One month ago, a 15-year-old boy who weighed just 80 pounds was found nearly starved to death and living in his family's barn near Meeker.

One month ago, a 15-year-old boy who weighed just 80 pounds was found nearly starved to death and living in his family's barn near Meeker.

The boy, who the community has come to know as “J.J.,” has been hospitalized for a full month now, but he is showing great improvement in his health, prosecutors said.

First Assistant District Attorney Adam Panter said the teen will likely remain hospitalized for a few more weeks.

J.J. is in protective state custody so few other details about his condition can be known, but he has undergone surgeries to remove twigs from his stomach.

The case of child neglect has captured the hearts of those in this area, the state and even nationwide.

The boy's family — his father, stepmother and two older stepbrothers — all face criminal charges in the case.

Charges — and the boy's rescue — were the result of law enforcement visiting the family home on July 12 after a passerby called authorities with concerns about the boy.

“We’re incredibly thankful that someone called ... they literally saved this child’s life,” Panter said.

Even though the family home was found to be stocked with food upon a search warrant, doctors said the boy was within a week of dying had he not been hospitalized.

He had reportedly been sleeping in a barn with farm animals at the family home and was suffering from severe malnutrition after reportedly eating twigs and leaves, Panter said.

When officers arrived at the rural residence, they saw the boy outdoors and confirmed he was the one in the DHS referral, with officers noting he appeared to be “underweight in the extreme,” arrest affidavits show.

Investigators could see the teen had a wound on the top of his head. According to the affidavit, that head wound had maggots and he told investigators his father allegedly dug those out and then covered the wound with glue.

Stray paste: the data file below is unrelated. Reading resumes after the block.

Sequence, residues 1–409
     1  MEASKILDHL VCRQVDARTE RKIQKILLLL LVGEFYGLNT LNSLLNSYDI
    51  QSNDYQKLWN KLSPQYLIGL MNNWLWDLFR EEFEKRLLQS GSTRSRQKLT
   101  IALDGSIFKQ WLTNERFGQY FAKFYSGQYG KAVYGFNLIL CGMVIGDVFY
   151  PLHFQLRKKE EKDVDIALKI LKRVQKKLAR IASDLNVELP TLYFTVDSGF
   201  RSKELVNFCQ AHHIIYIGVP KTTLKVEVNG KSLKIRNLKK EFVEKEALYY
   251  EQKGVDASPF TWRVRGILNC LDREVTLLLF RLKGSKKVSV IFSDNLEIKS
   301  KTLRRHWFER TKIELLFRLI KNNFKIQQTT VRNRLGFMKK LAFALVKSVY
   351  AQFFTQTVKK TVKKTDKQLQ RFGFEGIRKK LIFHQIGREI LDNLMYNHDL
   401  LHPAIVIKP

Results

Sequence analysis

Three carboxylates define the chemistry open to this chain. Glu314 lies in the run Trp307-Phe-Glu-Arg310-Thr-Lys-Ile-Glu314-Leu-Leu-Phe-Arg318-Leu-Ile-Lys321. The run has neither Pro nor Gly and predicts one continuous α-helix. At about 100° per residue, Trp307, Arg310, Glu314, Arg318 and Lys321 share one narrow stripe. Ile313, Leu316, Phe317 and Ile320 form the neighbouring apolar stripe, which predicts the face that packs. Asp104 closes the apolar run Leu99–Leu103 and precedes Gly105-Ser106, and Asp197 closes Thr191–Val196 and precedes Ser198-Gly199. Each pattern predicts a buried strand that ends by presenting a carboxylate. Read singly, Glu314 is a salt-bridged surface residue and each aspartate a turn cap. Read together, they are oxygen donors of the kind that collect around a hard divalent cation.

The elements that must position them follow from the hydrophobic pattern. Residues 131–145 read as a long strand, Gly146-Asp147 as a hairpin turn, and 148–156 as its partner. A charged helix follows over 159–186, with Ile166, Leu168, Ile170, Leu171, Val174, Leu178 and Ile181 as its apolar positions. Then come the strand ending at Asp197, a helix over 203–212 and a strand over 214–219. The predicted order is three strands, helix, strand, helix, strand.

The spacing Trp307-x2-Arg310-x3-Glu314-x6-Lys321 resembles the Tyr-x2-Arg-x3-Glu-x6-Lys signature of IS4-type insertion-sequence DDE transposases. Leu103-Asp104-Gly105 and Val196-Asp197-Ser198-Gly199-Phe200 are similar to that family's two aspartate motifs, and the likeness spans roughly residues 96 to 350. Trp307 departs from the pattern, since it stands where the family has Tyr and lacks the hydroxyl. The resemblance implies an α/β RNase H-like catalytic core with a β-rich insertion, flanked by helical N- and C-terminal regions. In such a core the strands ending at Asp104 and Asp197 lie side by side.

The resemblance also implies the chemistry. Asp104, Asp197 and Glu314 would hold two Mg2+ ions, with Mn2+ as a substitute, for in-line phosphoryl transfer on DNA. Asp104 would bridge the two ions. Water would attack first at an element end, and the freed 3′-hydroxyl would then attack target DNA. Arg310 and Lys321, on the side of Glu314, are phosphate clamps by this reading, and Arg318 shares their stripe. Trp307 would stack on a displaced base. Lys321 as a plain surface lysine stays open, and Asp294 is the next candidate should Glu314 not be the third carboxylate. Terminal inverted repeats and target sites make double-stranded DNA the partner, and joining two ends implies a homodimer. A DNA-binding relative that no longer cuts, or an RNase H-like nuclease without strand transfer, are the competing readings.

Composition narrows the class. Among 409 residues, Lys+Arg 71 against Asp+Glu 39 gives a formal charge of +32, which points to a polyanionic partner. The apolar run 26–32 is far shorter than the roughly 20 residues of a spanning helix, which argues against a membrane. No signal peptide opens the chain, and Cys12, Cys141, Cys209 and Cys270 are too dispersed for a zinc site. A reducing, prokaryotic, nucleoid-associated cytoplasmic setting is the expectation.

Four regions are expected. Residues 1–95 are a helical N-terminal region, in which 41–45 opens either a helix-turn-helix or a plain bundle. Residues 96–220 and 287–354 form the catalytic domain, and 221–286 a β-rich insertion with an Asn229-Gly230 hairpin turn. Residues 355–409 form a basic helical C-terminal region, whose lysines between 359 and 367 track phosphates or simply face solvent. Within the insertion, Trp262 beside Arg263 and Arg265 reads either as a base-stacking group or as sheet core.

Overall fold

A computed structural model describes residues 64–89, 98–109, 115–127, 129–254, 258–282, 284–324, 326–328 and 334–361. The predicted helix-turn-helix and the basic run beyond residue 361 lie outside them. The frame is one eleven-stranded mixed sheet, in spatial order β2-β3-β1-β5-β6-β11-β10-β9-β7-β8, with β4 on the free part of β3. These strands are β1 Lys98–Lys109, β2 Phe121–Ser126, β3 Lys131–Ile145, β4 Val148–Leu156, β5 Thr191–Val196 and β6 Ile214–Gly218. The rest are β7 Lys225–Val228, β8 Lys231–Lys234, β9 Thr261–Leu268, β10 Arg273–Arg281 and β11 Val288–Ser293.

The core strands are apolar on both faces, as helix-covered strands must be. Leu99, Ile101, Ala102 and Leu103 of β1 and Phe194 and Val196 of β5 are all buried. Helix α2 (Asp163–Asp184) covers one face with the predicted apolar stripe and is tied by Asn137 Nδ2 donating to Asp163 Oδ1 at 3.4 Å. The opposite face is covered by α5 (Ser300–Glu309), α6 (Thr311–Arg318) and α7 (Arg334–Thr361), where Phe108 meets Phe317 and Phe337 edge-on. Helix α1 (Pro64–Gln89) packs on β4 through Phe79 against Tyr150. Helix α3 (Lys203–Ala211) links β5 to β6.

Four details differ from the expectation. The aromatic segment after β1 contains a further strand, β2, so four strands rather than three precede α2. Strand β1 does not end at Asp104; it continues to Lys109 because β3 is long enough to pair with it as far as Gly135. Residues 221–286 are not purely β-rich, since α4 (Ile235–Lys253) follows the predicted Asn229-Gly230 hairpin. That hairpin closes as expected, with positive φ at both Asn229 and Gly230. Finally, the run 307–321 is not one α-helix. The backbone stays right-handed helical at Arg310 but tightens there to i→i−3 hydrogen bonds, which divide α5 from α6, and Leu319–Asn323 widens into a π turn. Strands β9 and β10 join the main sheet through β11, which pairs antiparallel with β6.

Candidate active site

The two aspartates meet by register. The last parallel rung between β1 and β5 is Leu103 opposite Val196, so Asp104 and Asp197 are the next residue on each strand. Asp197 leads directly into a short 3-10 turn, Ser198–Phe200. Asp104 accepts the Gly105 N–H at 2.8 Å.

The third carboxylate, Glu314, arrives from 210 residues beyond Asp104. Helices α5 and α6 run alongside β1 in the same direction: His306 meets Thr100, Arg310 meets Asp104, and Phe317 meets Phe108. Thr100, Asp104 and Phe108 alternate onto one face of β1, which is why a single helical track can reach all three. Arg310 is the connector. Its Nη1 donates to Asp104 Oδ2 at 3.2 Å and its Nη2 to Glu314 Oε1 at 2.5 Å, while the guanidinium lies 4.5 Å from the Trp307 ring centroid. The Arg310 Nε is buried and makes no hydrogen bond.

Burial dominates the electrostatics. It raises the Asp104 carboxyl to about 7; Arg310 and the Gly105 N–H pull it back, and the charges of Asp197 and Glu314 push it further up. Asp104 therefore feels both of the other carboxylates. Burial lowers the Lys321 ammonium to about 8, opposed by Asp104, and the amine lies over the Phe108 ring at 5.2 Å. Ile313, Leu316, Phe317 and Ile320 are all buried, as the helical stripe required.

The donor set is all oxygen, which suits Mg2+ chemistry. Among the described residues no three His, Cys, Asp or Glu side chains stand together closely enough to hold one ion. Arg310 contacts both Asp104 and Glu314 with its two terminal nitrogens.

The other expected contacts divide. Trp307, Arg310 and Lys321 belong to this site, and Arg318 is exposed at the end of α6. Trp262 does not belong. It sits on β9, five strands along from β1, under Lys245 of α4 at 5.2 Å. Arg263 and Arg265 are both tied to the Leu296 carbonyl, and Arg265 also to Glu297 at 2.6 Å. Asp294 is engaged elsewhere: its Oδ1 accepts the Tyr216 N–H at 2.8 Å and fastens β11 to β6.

As a result of the law enforcement visit, the boy and a 4-year-old sibling also living in the home were taken by a judge’s order into protective custody. Afterwards, the affidavit shows the starving teen spoke with officers about being coached by the adults at the home on how to deceive DHS or other parties about his welfare.

The boy hadn’t been to school in at least two years and was supposed to be home-schooled, Panter said.

While court affidavits confirm there was a DHS case referral for this child, very little information can be obtained about the role of DHS in this case.

Casey White, spokeswoman for DHS, said per state statutes, child welfare records are confidential.

More will likely come to light as the criminal cases go through the adjudication process.

The boy's father, Jimmy L. Jones Sr., 34, faces felony child neglect and child abuse by injury counts. In the child abuse by injury count, Jones is accused of shooting the teen in the leg with a shotgun, records show.

The stepmother, Amy A. Jones, 46, is charged with enabling child abuse and is accused of permitting the willful abuse of the child, identified in court documents as J.L.J.J., by failing to protect the boy from his father when he shot him in the leg with the shotgun.

The father and stepmother, along with the teen’s two other siblings, Jonathan Luke Plank, 20, and Tyler Joe Adkins, 24, are all charged with child neglect.

In that felony count, they are accused of acting conjointly with each other in the neglect of the child by failing to provide adequate food, shelter, sanitation, hygiene, appropriate education, medical and dental care for that child.

“I want to stress that each of these are very serious charges under Oklahoma law and the most serious charges we could present based on the facts, each carrying a maximum of life in prison,” Panter said.

All four are out of jail after posting various bond amounts, records show, and all have court dates for pre-preliminary hearings scheduled in October.